Shona Craven: Farcical scenes highlight English exceptionalism

FANCY a Big Mac? How much? Enough to queue around several blocks? Well it’s up to you, fatty. It’s not for anyone else to judge the decisions you make about shoving greasy junk down your gullet. Although bear in mind that if you block the path of an ambulance with your car, you’re basically a murderer.

The British are supposed to love a good queue, but this week it’s become clear there are the wrong sorts of queues (for McDonald’s or IKEA) and the right sort of queues (for casting votes in the House of Commons). The easing of lockdown has come as a blow to the curtain-twitchers who were obsessively monitoring the exercise habits of their neighbours, and tutting at the cheats who took up running as an excuse to leave the house, but thankfully they now have fresh opportunities to exercise their tongue muscles.

To judge the morality of a queue, the busybody must ask three simple questions: How long is this queue? How rich are the people in this queue? Do I personally want the products they are queuing for? If the answers are a) very long, b) not very rich and c) not at all, then the correct response is to tut extremely loudly from a distance of two metres, then sprinkle block capitals into a tweet about how SOME PEOPLE care more about BURGERS and BOOKCASES than they do about SAVING LIVES.

There were queues around the block when IKEA stores in the rest of the UK reopened

The old adage about Britons and queues has always had the air of a humble-brag about it. While it might be cloaked in self-deprecation (“daft old us, following the rules!”), the implication is really that we’re much better than other countries with their uncontrolled hordes, their uncivilised swarms, their insistence on using nonsense phrases such as “waiting on line”. Refusing to queue properly is like microwaving a cup of tea – something only a savage would do.

But this week’s farcical scenes suggest that actually, for some people, the very act of queuing can serve as an aggressive display of British (or rather, English) exceptionalism. Far from demonstrating respect of the rules, the queue that snaked its way around the Westminster courtyard and into Portcullis House was a way for Jacob Rees-Mogg to demonstrate that the pandemic rules should not apply to the likes of him.

READ MORE: Jacob Rees-Mogg told to quit after overseeing Commons ‘shambles’

Apparently queuing for a quick chat with the Speaker, like primary school pupils lining up to speak to their teacher, is “essential work”. This despite the fact that voting can easily be carried out electronically, either from within the grounds of Westminster or from the comfort and safety of a parliamentarian’s own home. Scottish MPs are being asked to travel 500 miles and queue for the best part of an hour just to utter three words. Remind me again why it’s unfathomable madness to queue up to buy a cheap new desk or chair for your new home office?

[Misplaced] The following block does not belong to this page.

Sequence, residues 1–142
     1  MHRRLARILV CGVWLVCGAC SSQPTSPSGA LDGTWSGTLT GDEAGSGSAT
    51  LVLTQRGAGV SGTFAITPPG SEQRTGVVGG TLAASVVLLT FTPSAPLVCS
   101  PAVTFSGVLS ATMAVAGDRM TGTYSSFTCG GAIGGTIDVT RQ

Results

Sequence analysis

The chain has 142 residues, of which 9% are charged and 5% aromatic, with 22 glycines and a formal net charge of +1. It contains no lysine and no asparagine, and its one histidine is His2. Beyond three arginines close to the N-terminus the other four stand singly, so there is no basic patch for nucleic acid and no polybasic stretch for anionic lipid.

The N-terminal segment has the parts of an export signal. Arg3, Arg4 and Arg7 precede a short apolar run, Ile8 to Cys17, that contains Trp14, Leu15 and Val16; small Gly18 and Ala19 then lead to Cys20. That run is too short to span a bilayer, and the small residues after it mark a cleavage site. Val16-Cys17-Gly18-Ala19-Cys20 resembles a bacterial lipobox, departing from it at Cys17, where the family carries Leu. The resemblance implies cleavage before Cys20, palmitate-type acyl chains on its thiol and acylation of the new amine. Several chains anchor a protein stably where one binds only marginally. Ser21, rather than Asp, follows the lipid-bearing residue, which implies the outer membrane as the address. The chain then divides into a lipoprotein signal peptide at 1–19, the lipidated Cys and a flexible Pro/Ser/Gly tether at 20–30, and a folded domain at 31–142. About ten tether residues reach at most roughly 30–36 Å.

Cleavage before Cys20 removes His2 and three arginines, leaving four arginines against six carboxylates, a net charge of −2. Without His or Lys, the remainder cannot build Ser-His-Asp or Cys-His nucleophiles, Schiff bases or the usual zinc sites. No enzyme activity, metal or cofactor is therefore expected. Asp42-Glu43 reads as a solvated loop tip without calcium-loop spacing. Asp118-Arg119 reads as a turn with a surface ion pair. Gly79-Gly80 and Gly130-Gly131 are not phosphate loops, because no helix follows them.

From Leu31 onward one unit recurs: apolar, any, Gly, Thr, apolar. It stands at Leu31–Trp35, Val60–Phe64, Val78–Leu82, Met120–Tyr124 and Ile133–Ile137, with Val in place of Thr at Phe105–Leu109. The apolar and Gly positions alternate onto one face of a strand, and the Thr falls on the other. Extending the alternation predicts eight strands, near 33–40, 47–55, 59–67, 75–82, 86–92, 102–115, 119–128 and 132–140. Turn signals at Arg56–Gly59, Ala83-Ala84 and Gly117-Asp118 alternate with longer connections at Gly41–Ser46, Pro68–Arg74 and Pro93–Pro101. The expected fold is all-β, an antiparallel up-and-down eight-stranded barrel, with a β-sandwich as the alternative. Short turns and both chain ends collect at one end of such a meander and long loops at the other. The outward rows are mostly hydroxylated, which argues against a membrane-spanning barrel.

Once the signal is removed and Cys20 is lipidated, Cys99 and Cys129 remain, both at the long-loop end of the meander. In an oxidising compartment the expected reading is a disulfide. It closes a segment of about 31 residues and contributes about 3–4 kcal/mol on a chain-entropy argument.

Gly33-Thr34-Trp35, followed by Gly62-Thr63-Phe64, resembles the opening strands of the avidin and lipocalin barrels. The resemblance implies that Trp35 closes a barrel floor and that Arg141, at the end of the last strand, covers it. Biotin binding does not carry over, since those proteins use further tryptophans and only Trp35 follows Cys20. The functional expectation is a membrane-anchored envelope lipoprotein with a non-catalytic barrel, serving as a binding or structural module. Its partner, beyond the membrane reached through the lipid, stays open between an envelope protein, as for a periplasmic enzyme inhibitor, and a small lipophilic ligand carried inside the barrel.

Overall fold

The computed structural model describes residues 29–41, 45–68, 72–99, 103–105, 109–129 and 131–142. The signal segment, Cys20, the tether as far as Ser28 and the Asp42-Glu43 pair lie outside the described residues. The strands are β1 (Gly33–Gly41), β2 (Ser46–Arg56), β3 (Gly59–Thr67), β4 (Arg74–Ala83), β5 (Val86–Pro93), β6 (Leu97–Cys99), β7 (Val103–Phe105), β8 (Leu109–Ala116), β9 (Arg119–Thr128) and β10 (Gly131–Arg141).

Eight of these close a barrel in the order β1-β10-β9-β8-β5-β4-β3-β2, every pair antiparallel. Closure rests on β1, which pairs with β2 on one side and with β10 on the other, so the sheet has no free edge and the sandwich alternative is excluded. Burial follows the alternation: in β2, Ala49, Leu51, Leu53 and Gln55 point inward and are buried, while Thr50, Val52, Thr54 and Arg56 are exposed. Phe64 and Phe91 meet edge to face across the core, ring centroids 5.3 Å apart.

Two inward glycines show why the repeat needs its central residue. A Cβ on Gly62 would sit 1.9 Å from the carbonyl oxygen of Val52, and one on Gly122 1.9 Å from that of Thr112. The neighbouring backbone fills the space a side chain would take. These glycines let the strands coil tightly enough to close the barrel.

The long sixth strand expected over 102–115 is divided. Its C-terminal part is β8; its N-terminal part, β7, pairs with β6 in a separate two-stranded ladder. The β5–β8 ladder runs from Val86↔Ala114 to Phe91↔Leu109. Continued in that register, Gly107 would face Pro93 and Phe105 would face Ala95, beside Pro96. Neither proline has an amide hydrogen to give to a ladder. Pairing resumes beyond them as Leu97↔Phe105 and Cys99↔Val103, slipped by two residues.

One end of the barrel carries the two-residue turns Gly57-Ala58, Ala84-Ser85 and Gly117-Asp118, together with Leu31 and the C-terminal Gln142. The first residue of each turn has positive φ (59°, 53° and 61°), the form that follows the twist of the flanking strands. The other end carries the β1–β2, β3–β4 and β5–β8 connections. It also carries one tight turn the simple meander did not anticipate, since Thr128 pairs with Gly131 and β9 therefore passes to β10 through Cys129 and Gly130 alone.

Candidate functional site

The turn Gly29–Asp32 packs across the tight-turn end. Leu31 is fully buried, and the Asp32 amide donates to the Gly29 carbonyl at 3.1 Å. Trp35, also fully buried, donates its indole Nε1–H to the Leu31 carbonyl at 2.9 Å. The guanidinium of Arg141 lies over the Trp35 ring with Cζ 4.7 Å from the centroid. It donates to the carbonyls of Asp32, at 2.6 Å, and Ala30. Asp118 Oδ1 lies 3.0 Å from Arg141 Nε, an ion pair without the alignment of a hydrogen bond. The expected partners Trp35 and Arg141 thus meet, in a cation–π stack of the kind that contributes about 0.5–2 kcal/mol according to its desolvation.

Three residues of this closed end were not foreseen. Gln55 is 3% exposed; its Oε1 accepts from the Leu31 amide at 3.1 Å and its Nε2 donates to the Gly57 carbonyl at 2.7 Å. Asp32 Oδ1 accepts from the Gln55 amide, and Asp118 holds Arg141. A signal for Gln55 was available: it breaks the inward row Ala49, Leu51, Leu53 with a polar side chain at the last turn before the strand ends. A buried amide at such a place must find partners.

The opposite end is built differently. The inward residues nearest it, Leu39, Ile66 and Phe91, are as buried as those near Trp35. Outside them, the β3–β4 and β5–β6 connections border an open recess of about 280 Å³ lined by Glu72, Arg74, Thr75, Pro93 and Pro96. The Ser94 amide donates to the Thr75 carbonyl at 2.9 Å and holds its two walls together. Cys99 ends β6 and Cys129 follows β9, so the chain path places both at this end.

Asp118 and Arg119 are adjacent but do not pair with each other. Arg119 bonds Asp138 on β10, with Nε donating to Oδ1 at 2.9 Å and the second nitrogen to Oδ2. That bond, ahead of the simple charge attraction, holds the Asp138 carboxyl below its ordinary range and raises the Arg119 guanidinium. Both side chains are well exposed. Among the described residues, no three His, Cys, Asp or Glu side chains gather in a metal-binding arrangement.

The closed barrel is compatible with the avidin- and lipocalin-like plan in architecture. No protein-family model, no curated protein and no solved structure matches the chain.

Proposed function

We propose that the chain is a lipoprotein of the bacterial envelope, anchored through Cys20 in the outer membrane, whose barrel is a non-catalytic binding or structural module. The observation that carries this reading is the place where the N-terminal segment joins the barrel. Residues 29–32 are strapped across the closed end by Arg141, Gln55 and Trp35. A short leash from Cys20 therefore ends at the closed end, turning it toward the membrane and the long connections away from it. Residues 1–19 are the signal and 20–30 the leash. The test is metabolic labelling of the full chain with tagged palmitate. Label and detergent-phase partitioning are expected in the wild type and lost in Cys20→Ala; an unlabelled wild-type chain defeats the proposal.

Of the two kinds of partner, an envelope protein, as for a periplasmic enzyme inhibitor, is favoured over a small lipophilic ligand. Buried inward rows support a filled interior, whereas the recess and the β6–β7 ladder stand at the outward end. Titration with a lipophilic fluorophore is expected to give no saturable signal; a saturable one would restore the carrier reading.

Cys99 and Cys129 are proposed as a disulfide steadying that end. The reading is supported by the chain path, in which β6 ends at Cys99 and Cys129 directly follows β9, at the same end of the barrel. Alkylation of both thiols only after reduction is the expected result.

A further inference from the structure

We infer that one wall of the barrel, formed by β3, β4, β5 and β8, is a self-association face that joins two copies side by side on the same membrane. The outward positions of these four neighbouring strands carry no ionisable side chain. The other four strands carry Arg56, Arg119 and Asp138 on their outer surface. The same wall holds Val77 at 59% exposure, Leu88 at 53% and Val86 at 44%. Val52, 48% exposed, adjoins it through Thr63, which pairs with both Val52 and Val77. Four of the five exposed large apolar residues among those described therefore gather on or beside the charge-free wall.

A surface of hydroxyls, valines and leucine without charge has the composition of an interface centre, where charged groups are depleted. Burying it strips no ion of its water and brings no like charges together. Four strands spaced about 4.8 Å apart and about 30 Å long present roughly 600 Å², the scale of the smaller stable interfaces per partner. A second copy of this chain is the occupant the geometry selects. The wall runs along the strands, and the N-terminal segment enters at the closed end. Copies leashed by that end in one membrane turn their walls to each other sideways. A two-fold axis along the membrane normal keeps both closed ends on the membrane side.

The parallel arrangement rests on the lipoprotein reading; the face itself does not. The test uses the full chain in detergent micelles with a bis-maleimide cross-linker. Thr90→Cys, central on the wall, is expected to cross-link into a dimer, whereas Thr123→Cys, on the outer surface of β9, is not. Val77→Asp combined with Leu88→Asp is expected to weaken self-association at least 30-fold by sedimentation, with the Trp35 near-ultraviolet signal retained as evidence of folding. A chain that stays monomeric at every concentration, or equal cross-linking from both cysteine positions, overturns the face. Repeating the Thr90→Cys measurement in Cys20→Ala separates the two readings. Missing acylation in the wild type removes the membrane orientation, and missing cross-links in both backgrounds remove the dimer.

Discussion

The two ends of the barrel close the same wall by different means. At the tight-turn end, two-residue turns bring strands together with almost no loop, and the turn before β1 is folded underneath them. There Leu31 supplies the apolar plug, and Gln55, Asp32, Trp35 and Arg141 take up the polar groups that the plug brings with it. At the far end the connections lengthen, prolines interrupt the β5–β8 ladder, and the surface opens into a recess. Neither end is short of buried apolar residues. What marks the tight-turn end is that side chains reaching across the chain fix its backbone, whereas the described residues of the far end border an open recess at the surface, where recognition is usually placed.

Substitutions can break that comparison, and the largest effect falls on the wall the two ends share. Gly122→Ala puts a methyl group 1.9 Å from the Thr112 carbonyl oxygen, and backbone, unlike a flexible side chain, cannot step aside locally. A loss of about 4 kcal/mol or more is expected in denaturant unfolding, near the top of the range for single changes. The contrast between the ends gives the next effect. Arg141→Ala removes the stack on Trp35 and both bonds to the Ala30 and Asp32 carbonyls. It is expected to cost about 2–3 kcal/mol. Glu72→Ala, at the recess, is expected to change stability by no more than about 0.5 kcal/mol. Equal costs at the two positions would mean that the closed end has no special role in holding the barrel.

Rees-Mogg, and the pathetic band of Tories who followed his orders, want you to believe that voting in person is essential work on a par with providing medical care, food supplies or a postal service. They say they are setting an example by queuing so they could vote to do lots more queuing.

We’re not just through the looking glass now, but upside down and walking backwards as Alice shouts “no room, no room!” and the mad top-hatter replies “there’s plenty of room” before resting his head on the green benches and his feet on a sleeping dormouse, which has survived an emergency deep clean thanks to cracks in the ancient skirting board.

I spy the opportunity to kill two birds with one stone here, while avoiding killing any people by infecting them with coronavirus.

Clearly, the Houses of Parliament are not fit for purpose – they weren’t before the pandemic, they definitely weren’t during the pandemic, and they won’t be when the immediate threat of infection peaks has passed.

Also clear is that British people absolutely love assembling flat-pack furniture, and will go to considerable length to procure a box of pre-drilled boards and a bag of cam locks. They love it so much that they’ll queue to do it in the sweltering heat, knowing they’ll be denied the reward of a plate of meatballs and a self-serve ice-cream cone.

If we can open temporary field hospitals in a matter of weeks, why can’t we establish a 21st-centry parliament with sufficient room for social distancing, wipe-down desks and seats with machine-washable covers? We could call it VÖTSAFE. An army of volunteers stands ready to be recruited, each one armed with countless Allen keys and wall-mounting brackets left over from previous projects.

Instead of walking round their gardens or up and down stairs, the elderly people raising millions “for the NHS” could be making themselves useful by standing in queues in IKEA car parks, waiting to buy office essentials for our political key workers. We could turn the OBE into an award for Office Building Excellence and pin medals of blue and yellow onto their lapels.

Of course, if ministers keep developing symptoms at the current rate, and parliament workers follow through on their threat to strike, mass gatherings of MPs may be rendered impossible for the foreseeable future – an outcome that was predicted by hundreds of opposition MPs, multiple Tory backbenchers and anyone who has followed the news for the past six months. When it comes to telling the government “we told you so”, they’ll need to form an orderly queue.



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